There simply is no Catholic logic left, stupid or smart, for voting Republican. Unless one simply enjoys being taken for a ride.

8 comments:

Tom Head said...

While I agree with the gist of your point about the Republican Party manipulating social conservatives, it's worth mentioning that ratifying the treaty would not have banned abortion simply because Roe v. Wade would have taken precedence. The Constitution always trumps the federal code, and Roe v. Wade was an interpretation of the Constitution.


Cheers,

TH

Cecilieaux said...

Wouldn't the courts have to determine that Roe applied? Couldn't a new law reopen Roe? If not, then there's absolutely no point in candidates for president or Congress in declaring their views on the A-word.

Anonymous said...

You did not mention that Nicaragua is also considering extending the prison sentence for a woman having an abortion from 10 years to 30 years. Such a law apparently already exists in El Salvador, where the govt employs a forensic specialist to examine a woman suspected of having had an abortion--does he get a search warrant for this? Then, of course, his testimony is valuable at her trial.

john warne said...

tome head wrote: ...it's worth mentioning that ratifying the treaty would not have banned abortion simply because Roe v. Wade would have taken precedence. The Constitution always trumps the federal code, and Roe v. Wade was an interpretation of the Constitution.

Actually, tom, that's in doubt. Article VI of the US Constitution says, "The Constitution, and the Laws of the United States which shall be made in Pursuance thereof; and all Treaties made, or which shall be made [the founders added this bit to make sure we understood they weren't just talking about treaties in existence at the time of the Constitutional Convention, 1787], under the Authority of the United States, shall be the supreme Law of the Land...."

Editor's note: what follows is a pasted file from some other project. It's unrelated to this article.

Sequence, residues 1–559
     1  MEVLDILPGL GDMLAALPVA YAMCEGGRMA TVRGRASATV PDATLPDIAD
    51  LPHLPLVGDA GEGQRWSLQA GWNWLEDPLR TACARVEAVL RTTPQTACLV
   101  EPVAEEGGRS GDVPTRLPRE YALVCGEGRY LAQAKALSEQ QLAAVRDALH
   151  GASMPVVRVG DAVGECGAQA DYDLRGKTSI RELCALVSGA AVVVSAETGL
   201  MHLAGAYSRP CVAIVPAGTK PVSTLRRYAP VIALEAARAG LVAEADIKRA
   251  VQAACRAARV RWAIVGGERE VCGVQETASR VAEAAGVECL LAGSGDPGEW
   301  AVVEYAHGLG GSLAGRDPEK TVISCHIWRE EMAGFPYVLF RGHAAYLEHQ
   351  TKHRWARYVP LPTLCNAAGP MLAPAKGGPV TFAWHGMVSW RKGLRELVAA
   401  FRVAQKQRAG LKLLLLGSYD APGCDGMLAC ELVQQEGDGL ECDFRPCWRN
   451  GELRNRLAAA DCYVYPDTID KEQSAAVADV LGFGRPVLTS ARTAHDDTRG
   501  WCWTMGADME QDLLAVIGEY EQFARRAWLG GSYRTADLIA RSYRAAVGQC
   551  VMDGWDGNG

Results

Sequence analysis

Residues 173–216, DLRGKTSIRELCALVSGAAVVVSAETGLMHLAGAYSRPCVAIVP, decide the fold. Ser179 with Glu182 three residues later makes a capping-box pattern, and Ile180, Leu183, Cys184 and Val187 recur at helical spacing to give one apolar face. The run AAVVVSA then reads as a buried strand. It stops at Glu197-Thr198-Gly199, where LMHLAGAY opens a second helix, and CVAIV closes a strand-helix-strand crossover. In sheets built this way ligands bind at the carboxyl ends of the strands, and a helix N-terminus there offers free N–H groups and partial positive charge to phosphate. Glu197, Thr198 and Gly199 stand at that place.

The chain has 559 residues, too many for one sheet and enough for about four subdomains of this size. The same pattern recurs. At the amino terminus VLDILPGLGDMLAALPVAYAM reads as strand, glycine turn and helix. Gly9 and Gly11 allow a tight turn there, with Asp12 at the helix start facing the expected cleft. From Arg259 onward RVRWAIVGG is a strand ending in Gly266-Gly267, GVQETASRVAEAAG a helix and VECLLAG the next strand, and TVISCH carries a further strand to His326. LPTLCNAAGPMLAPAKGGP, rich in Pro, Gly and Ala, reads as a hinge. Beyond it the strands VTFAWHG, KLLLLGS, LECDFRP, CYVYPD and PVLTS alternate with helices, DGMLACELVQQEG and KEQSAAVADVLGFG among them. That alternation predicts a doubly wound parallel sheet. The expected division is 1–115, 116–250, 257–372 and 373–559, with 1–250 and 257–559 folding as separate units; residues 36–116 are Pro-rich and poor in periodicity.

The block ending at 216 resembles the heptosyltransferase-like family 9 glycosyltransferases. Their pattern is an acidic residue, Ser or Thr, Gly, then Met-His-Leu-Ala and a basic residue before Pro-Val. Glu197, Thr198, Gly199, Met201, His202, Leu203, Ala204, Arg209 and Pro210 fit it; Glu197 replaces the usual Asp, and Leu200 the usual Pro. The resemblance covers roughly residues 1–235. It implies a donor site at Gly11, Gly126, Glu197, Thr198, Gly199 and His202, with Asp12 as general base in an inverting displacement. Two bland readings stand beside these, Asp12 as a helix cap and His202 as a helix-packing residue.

What this means is that treaties made may well supercede the federal code and be on an equal footing with the Constitution. At the very least it creates a nice loophole that any anti-choice judge can drive his fat, black-robed ass through to overturn Roe.

In any event, I'm guessing the reason why it wasn't ratified is because it bans torture and opens the door for exposing US war crimes there are or will be in the region. So much for "pro-life" bs.


Cheers,

TH

john warne said...

Sorry, should have deleted the "Cheers TH" part when I copied part of tom's post into mine. :-P

Moriarty said...

In the extract you cite, what does "arbitrarily" actually mean, and how can you as a card-carrying atheist affirm something to be "always wrong"? Even if something *is* always wrong, does that justify never doing it, even when a greater evil might result? What theological or philosophical basis do you have for even *considering* the relevance of rightness or wrongness, and does it matter? Why, or why not?
The very notion of "arbitrariness" warrants further analysis; of it's nature it should be the whim of an individual, rather than influenced by external factors such as religious affiliation or political allegiance. A "whim" is scarcely sufficient to ensure the carrying out of a wish for an abortion for self or other!

Cecilieaux said...

I should note to all and sundry that documents that are highlighted in this blog usually denote a link. Thus, the meaning of "arbitrary" would be apparent in paragraph 2, in which the charter declares "In countries that have not abolished the death penalty, it may be imposed only for the most serious crimes and pursuant to a final judgment rendered by a competent court [...]"

All of which tells me that "arbitrary" means "without due process."

Moriarity's second point requires asserting that it is not possible to construct a universal ethic from an atheist standpoint. This is a common theist fallacy.

Peter Attwood said...

This is great stuff. I took the liberty of reproducing it today on my own blog.